What exactly do I want out of life? Do I want to be professionally successful, or do I want to be really happy personally? If I prioritize these two, will achieving one mean sacrificing the other? Which would make me a better person? Does it matter?
I know I want to travel. I want to make a difference somehow. And it’d be nice if I got to share my life with a man and a dog at some point. But do I really have that much control over whether any of this actually happens? Or should I just quit worrying and trust everything to be all right?
Sign of the cross wards off the evil eye…. June 4, 2010
It’s all my fault. First all the clinic computers go down to a virus shortly after I arrive. By lunch we know all 4 campus of Texas Tech Health Sciences Center have been hit.
Then, my resident gets stuck on the wrong side of the border and has to cancel his afternoon appointments (What was he doing over there on a Friday morning to begin with?).
Two patients later, I have seen exactly one cat scratch fever & one CHF/Amphetamine abuse/chronic alcoholism/pyogenic granuloma–which translate neatly into 2 hospital admissions to my patient log. Arranging direct admissions with pen & paper is a bit of a drag.
The clerkship director sent me home before I could do anymore damage…pray for the cat.
What? Life outside the hospital? April 12, 2010
I used to be so jealous of classmates who were far enough ahead in studies & budget to take little minibreaks on the weekend. I spent my first two years of med school in a constant struggle to stay in the black, catch up with my work, and catch up on sleep. Now that I’m just comfortable enough to allow little excursions every so often, I realize that 1) you never catch up, 2) staying on budget is overrated. Sometimes, the best thing you can do for yourself is take a few days off.
I’m sitting in a Reno airport after a lovely mountain holiday with my brother & company in & around Lake Tahoe. Climbing, hiking, sight-seeing, and as much raw fish as I could eat. How is it so easy to get wrapped up in work and career when there’s so much life waiting out on the other side?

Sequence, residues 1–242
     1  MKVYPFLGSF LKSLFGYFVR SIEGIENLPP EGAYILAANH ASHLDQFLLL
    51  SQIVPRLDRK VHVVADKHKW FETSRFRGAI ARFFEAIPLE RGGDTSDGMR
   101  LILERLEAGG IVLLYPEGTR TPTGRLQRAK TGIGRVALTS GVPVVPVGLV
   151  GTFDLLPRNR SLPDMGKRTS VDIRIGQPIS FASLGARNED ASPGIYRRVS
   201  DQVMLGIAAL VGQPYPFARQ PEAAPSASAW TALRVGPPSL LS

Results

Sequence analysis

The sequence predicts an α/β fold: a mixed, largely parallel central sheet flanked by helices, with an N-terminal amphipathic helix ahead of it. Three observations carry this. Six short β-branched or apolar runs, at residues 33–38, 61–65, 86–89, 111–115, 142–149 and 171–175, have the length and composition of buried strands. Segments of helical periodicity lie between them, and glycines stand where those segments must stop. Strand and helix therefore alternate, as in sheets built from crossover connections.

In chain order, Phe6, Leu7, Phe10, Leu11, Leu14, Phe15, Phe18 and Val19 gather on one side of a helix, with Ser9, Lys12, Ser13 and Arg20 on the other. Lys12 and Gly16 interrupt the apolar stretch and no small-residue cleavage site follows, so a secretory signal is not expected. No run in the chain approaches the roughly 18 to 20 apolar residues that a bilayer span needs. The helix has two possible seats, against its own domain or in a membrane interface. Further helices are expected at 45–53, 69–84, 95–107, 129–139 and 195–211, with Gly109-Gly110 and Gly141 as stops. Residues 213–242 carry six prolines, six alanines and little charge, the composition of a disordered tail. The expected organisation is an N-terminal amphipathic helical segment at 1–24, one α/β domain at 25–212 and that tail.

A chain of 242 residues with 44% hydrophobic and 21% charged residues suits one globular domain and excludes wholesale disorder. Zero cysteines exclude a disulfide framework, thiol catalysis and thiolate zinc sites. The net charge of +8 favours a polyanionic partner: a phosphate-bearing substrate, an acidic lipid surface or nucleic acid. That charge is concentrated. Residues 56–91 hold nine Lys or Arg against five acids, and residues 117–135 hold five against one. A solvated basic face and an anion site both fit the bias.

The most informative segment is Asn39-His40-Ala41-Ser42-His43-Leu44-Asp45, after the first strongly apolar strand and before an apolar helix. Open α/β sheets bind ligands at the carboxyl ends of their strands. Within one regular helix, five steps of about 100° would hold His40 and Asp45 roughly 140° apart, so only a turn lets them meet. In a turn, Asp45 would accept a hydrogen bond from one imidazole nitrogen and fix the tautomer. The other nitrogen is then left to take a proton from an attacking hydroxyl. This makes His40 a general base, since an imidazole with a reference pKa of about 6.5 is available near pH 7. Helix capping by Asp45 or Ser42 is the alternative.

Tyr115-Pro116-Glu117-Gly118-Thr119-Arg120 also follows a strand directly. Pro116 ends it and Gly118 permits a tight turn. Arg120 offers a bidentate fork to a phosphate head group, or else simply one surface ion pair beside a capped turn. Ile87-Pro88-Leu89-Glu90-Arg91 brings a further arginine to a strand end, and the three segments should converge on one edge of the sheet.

I want to learn from these little side trips and use the lessons to make good specialty choices in medicine, but sometimes it feels like the choice is between the time vs. the money to enjoy the best things in life–like you can’t have both. But I know I don’t want to spend my entire life in the hospital or the clinic. There’s so much more out there waiting to be experienced.
Words to Live By. November 22, 2008
Those who know me personally can undoubtedly confirm that I have trouble keeping my mouth shut. At least I’m aware of it. As a consequence, I tend to collect advice on how to stay quiet. Two of my favorites:
It’s so simple to be wise. Just think of something stupid to say, and then don’t say it.–Sam Levenson
Think before you speak. Read before you think. This will give you something to think about that you didn’t make up yourself-a wise move at any age, but most especially at seventeen when you are in greatest danger of coming to annoying conclusions.–Fran Lebowitz
For wisdom less witty, but certainly just as practical, four questions generally attributed to His Holiness the Dalai Lama:
- Is it TRUE?
- Is it NECESSARY?
- Is it KIND?
- Is it HELPFUL?
I find these to be excellent checkpoints in conversation, whether the “should I or shouldn’t I?” question applies to a juicy bit of gossip or a difficult business/academic matter. I’d probably fare better if I used them more often.
For Amanda (roll over for captions):